However, the nomenaclature of “visual culture” and “material culture” to describe the mutual interest in the intersection of physical objects and visual images, have obscured significant methodological and theoretical differences between disciplines that raise questions about the extent to which recent interest in Ireland’s visual and material culture enriches the understanding of social and cultural life. In the rush to rebrand art, design and architectural history as visual and material culture studies in the academy, the formal qualities of material objects, the built environment, artefacts and visual imagery, still dominate the field, and symbolic meaning and authorship remain elevated above questions of agency, utility and circulation. In literary and historical studies material objects and images are largely approached as texts to be “read” as representations of cultural life or “mined” for historical data. Interpreted against the backdrop of history, the ways in which visual and material culture become embedded in social life largely remain unexplored as an avenue to broader the horizon of Irish cultural history.

Differences between visual imagery and material objects as representations of Irish history, and Ireland’s visual and material culture as the “historical”, thus provide different routes into the relations between things, images and the deeper understanding of Irish cultural history. Essays proposals are sought that approach material objects and visual imagery as salient features of Irish cultural history and which prioritise visual and material culture as the historical. Discussions of visual and material culture as providing insights into how everyday Irish life was and is experienced, and how the making of objects and images either through craft based practices and/or technologies express cultural practices and behaviours are especially welcome. Essays that push beyond or incorporate issues of representation with questions of use, circulation, reception, exchange, collection, and visual and material culture as mediating social relations are also welcome. While submissions from all disciplines are encouraged, essays should focus on the ways in which visual and material culture enables and enriches understanding of the intersections of Ireland’s social and cultural history.

Possible topics include but are not limited to;

Souvenir collections (private and public)
Museum artefacts and collections
Household objects
Scrapbooks
Home movies/videos
Printed ephemera
Book collections
Photographs/Photo albums
Slide collections
Clothing
Built environment
Old and new technologies
Themes and approaches include;
Cultures of collection
Cultures of display
Clubs and societies
Gender and womens lives
Exhibitions
Biographies of objects
Migration and exchange of objects and images
Consumption
Circulation of object and images
Oral histories
Sensory Experiences
Ethnographies of material and visual culture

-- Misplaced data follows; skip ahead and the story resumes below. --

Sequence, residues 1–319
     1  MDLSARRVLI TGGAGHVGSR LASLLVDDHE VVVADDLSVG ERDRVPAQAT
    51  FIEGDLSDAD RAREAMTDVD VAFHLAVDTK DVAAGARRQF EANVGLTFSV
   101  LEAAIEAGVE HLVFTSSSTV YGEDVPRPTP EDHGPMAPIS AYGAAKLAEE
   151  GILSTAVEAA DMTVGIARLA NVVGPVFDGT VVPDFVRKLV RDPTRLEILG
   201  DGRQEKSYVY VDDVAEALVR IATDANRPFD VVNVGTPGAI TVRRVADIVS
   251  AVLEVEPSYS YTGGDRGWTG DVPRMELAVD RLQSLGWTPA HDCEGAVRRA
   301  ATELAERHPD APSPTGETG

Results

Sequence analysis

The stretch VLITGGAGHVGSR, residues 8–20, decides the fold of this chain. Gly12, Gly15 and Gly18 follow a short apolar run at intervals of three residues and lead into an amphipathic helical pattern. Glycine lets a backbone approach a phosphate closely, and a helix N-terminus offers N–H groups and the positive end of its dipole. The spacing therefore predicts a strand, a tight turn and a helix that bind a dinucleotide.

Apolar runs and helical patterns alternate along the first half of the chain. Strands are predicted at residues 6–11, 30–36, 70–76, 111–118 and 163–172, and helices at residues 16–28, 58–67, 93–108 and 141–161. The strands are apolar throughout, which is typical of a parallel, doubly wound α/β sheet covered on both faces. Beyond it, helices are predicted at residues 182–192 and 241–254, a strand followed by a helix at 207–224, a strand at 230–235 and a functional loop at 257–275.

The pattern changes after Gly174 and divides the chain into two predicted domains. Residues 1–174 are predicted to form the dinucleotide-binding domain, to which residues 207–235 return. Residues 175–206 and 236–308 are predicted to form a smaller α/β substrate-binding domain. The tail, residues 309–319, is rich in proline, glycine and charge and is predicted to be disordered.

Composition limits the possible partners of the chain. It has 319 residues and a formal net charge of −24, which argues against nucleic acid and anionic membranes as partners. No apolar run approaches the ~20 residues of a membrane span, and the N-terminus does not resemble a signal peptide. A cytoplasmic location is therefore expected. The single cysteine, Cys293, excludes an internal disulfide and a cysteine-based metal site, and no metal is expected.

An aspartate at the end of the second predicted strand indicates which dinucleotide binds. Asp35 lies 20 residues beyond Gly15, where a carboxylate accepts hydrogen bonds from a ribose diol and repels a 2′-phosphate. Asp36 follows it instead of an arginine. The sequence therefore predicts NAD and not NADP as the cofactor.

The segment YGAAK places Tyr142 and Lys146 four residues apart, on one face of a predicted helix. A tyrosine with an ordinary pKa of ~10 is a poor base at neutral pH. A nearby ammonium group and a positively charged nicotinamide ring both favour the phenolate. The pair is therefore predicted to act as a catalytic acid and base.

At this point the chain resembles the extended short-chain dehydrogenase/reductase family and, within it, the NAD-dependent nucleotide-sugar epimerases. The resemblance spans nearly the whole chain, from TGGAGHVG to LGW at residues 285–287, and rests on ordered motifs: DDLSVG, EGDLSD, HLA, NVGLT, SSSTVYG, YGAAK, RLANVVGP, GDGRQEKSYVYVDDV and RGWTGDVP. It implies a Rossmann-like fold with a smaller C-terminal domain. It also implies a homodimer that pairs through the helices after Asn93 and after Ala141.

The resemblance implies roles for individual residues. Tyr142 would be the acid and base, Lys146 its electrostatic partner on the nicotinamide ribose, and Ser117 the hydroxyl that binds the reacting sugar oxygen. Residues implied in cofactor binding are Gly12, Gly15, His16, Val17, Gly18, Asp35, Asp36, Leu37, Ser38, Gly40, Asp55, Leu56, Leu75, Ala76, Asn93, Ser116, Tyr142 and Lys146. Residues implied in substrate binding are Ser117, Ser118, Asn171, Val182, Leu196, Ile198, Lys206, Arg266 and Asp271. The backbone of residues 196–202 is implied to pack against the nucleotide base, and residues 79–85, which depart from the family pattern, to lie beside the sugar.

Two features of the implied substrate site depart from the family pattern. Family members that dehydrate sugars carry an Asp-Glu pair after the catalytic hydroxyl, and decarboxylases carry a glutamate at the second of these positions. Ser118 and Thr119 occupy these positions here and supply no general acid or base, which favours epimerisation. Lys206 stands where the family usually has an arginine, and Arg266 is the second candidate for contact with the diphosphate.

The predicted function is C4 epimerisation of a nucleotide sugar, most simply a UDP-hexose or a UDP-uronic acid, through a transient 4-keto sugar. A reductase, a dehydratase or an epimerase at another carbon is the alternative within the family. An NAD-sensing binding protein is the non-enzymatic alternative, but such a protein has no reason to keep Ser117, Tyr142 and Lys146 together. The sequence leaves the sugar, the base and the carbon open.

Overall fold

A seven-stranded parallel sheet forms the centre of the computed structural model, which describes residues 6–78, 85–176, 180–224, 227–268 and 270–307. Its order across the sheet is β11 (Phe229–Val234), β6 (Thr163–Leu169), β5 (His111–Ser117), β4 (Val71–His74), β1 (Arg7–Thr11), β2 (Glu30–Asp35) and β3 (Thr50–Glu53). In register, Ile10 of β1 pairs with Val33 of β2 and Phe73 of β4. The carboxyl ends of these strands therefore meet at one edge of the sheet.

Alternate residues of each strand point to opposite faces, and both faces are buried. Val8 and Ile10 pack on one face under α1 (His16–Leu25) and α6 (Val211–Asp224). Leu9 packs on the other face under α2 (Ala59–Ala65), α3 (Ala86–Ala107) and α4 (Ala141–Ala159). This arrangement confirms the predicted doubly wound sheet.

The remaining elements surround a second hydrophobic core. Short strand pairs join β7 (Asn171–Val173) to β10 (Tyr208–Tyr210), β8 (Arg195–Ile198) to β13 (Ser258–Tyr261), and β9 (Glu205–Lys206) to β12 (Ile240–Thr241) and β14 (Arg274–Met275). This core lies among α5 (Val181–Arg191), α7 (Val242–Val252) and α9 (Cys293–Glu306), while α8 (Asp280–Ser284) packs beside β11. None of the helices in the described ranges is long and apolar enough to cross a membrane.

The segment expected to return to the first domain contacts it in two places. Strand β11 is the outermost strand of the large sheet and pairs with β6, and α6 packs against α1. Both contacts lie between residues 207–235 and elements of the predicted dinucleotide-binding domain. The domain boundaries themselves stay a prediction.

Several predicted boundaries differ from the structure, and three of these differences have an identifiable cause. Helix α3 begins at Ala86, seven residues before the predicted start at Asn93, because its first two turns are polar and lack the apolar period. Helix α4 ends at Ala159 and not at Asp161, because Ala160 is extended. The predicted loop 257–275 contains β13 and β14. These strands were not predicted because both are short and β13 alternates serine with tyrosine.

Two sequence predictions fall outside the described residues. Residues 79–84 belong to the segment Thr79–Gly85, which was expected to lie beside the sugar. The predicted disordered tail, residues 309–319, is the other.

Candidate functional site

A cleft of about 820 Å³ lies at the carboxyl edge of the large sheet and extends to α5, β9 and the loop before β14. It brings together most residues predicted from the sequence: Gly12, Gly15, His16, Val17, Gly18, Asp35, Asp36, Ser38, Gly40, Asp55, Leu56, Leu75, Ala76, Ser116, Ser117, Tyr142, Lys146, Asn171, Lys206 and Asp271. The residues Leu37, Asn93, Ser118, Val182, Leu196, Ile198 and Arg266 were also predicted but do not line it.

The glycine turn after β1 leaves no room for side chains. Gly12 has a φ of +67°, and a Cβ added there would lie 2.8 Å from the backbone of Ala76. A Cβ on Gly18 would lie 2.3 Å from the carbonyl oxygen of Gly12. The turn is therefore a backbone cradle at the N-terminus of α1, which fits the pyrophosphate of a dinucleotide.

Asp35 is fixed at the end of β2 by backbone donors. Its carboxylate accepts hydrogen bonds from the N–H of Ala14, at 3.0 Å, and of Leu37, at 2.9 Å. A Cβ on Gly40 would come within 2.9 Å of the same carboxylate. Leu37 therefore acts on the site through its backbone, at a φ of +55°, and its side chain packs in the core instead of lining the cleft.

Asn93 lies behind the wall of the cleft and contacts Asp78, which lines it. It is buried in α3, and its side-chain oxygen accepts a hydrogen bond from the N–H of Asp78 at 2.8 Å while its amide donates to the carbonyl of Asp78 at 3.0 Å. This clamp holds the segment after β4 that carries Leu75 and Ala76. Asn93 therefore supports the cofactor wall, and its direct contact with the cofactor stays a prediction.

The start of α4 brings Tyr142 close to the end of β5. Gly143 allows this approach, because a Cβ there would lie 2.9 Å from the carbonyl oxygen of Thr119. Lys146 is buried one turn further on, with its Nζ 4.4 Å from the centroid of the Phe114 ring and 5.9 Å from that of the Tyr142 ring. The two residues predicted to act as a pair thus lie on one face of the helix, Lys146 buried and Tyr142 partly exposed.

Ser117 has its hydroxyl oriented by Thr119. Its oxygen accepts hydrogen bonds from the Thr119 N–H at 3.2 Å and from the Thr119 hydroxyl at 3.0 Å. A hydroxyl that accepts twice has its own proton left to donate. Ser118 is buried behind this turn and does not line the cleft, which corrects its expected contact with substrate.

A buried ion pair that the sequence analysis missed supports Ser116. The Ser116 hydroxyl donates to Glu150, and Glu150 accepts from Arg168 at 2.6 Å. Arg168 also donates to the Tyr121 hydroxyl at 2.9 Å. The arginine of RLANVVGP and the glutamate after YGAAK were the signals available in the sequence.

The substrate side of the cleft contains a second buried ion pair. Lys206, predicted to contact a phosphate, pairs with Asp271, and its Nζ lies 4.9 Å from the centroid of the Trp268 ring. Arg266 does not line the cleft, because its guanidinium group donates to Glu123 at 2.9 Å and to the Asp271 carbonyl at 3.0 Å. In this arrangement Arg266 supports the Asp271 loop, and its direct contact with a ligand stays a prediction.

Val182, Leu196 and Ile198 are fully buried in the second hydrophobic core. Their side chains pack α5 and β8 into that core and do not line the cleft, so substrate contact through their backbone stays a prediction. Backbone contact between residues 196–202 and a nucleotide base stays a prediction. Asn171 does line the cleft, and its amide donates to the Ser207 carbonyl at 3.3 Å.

Historiography and material and visual culture

Deadline for submission: Proposals of 500 words submitted as a word document together with a brief bio and contact information should be sent to Justin Carville via email to vlmtculturalhistory@gmail.com by September 1, 2014.

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Parisian Insights: Paris 1900

When I first heard about the Paris 1900 exhibition held at the Petit Palais, I must admit I was quite immediately excited about it. Not knowing anything about it, something inside me believed I would love it and I wasn’t disappointed. For those of you who may not know the Petit Palais, it can surely be considered as one of Paris’ loveliest museums with its beautiful Beaux Arts style architecture, decorated with impressive frescos and mosaics.  Housing the city’s fine arts museum, it was specially erected for Paris’ Exposition Universelle in 1900 and thus stands as the perfect location for an exhibition dedicated to that particular time. On the pretext of the International Exhibition, the display introduces visitors to Paris’s splendid and luxurious context during the Belle Epoque. Organized like the Exposition itself, Paris 1900 is organized into 6 sections – 6 pavilions that all highlight the different aspects of the French capital’s cultural and artistic life. The exhibition demonstrates how spectacular this moment in Paris’ history has been, nourished by about 600 pieces (I think I have actually never seen so many artefacts in one space!) that mingle scientific rigor and pure aesthetic pleasure. From oral and social history to official art and innovative design, the display spans this unique cultural moment with a very rich (almost too rich: there is so much to look at) documentation: Mucha posters, letters, models, films by the Lumière brothers, a real metro entrance by Hector Guimard, paintings, sculptures and costumes. The whole within an impressive yet simple scenography.